What?  Canned cat food on the reef?!   We came upon this diving one morning at Kahe Point recently.  Obviously it had been used to attract fish – perhaps by spear fisherman.    Despite increased public awareness against feeding, we also still frequently see tour group operators attracting fish by feeding, especially at Kahe Point and Makai Pier.   Just look online too and you’ll see countless vacation pictures and videos of otherwise well-meaning tourists feeding pet food, hot dogs, baloney, peas, potatoes, bread, and cheez whiz to reef fishes.


Feeding fish is detrimental to the environment and people alike!   To begin with, reef fishes have complex dietary requirements.    Most are unable to properly digest our handouts and they can be fatal to them.   Ecologically, feeding disrupts natural foraging patterns, alters behaviors and distributions, and increases susceptibility to predation.  If normal foraging patterns cease, fish can become malnourished, stressed, or even die.   Competition for handouts can interfere with natural instincts and behaviors for survival and cohabitation with other species, leading to increased risk of predation.   As fish swarm for a handout, species that normally do not interact are drawn away from their natural habitats to compete for food.  Feeding can cause a reduction in grazing by herbivorous fishes as well as increase nutrients in the water, putting corals at increased risk from algal overgrowth.   Feeding can also lead to decreased wariness of humans, posing an increased danger to people from fish bites even when there is no food in the water.  This is especially worrisome for sharks, which in contrast to most reef fishes, have large home ranges and cover much greater distances in their daily search for food.  Fish accustomed to feeding tend to rush out looking for a handout and often act aggressively.   Before the 1999 ban on fish feeding at Hanauma Bay Nature Preserve, several large herbivores that thrived on the artificial food supply, including nenue (rudder fish) and pualu (surgeonfish), came to dominate the inshore reef.  These fishes are normally found further out and normally do not bite people, but they had become conditioned to aggressively compete for handouts.  As a result, not only was the ecology of the reef disturbed, but lifeguards were treating 4-5 visitors a day for fish bites.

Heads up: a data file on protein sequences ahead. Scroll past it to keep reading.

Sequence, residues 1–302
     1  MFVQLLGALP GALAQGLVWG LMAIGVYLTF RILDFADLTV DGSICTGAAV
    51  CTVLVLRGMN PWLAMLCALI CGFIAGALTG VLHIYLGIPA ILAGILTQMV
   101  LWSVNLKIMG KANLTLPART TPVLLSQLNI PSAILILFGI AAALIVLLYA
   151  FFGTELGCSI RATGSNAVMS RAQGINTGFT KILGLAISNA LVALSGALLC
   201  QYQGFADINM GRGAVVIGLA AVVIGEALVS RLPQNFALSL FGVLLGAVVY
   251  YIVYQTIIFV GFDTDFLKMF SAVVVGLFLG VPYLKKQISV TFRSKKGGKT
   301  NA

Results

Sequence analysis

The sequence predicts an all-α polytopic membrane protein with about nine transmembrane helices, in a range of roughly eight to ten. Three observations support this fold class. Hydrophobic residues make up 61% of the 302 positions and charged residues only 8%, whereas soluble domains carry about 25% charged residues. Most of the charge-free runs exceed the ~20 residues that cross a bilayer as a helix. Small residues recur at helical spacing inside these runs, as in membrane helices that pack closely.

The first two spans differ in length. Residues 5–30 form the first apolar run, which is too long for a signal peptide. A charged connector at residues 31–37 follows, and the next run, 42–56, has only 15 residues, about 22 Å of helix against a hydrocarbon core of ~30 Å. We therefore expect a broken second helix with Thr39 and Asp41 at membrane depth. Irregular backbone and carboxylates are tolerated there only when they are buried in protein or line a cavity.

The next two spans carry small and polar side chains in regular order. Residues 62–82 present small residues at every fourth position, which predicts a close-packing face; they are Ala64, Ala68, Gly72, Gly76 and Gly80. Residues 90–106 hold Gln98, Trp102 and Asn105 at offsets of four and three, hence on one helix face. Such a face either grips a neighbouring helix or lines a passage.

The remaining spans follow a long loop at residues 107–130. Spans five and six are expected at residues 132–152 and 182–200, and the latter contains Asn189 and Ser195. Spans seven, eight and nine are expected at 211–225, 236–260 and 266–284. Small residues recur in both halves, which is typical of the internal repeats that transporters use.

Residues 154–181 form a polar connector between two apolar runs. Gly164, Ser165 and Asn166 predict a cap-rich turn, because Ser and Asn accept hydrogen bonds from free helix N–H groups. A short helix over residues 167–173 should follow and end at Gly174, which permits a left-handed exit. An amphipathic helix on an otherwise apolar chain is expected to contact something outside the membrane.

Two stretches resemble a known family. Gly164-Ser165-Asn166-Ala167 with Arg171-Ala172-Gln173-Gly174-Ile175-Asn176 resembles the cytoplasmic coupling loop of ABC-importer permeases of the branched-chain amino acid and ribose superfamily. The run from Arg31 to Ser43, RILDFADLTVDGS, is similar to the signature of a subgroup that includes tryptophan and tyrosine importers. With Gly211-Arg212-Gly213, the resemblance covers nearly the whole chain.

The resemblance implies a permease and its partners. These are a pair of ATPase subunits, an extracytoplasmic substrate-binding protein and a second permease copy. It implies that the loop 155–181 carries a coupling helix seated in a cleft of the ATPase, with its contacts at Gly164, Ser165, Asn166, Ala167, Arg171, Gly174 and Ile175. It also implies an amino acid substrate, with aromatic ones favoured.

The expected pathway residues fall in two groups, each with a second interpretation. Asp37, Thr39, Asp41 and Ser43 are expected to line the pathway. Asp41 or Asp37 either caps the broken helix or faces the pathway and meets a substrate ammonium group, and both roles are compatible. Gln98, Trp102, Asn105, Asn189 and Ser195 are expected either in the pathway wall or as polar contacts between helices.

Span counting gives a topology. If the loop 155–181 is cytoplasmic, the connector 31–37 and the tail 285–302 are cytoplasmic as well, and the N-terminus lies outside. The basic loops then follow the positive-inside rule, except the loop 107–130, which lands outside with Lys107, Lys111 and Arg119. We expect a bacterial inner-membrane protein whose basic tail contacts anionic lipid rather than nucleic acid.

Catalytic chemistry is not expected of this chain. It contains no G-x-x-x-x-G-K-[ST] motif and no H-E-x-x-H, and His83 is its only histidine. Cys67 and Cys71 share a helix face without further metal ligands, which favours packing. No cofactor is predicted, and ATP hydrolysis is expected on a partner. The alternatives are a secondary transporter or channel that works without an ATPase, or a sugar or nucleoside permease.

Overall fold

Presently on Oahu, fish feeding is banned only in Hanauma Bay, and it is unlawful to conduct any activity related to the feeding of sharks in state waters (except for traditional Hawaiian cultural or religious practices, provided the feeding is not part of a commercial activity).   One group actively educating local businesses and visitors about the dangers of fish feeding is the Coral Reef Alliance (CORAL).  Through their “Take a Bite out of Fish Feeding” campaign they have been effective, especially on Maui, in getting Hawaii businesses to exemplify sustainable behavior by not allowing or encouraging guests to feed fish while on tours.


So please don’t feed the fish, support fish-friendly establishments displaying the CORAL decal, and help educate our well-meaning tourists if you happen to see them feeding our fish!

-D. Ford



Alevizon, B. 2000. A case for regulation of the feeding of fishes and other marine wildlife by divers and snorkelers.

Hawaii Division of Aquatic Resources:

CORAL:  Take a Bite out of Fish Feeding Campaign:

Orams, M.B.  2002. Feeding wildlife as a tourism attraction: a review of issues and impacts. Tourism Management. 23(3): 281–293.

Roberts, D.  2006. Marine fish feeding: why the FWC thinks it’s bad for everyone.  Florida Fishing Weekly.



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